The Twelfth International Diatom Symposium stressed how diatoms can be used to assess the human impact on natural waters, without neglecting other important fields of research.
As the frustules of many diatom species are relatively resistant to dissolution they are preserved in freshwater and marine sediments and provide a record of past environments on earth. In past decades they have been successfully used to reconstruct changes in water bodies evoked by changes in salinity, acidification and eutrophication. In the last few years diatom-inferred predictions of environmental variables have become much more quantitative.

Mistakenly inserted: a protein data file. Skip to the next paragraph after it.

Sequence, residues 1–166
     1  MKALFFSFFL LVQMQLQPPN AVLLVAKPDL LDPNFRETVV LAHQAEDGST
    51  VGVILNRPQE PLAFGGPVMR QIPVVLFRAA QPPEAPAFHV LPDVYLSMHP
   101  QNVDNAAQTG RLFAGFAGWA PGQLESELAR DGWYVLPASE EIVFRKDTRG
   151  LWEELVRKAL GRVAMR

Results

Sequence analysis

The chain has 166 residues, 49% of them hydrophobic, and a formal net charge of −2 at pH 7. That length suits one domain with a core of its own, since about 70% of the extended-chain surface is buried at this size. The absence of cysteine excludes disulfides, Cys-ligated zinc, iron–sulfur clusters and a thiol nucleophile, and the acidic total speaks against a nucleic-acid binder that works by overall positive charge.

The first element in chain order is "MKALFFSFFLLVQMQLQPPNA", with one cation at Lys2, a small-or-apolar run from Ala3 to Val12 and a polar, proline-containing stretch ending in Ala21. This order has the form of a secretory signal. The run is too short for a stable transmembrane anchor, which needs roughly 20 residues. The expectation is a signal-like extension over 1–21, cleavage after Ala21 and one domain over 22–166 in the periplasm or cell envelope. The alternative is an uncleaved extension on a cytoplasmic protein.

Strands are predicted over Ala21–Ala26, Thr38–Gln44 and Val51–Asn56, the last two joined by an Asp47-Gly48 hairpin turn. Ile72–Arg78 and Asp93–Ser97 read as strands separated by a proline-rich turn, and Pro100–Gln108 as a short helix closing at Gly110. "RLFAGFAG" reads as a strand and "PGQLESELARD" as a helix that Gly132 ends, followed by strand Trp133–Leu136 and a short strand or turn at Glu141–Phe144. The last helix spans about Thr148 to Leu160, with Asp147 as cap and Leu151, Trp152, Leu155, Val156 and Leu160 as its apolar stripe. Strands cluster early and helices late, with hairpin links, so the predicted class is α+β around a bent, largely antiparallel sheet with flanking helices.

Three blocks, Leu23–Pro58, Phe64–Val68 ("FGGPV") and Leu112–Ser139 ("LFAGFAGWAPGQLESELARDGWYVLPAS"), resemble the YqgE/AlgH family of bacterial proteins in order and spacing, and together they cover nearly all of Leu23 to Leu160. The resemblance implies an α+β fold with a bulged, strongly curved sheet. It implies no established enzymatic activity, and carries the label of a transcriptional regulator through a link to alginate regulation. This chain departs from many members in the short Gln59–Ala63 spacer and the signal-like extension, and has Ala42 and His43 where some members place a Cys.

In the most recent research reports the strong separation between palaeolimnological and neolimnological diatom research is fading, as palaeolimnologists are increasingly using modern calibration sets to infer past states of the environment. This quantitative approach is also very suitable for prediction of future changes in the biota of surface waters. Also ecological changes due to climatic modification have been investigated more thoroughly recently. A very important new research topic is the occurrence of toxic diatoms, particularly along the coasts of North America. These proceedings are intended to be a balanced view of such modern developments in diatom research. They should also be of interest to non-specialists in diatoms, who can use the results of diatom research as a tool in a more general taxonomic, ecological and geological context.
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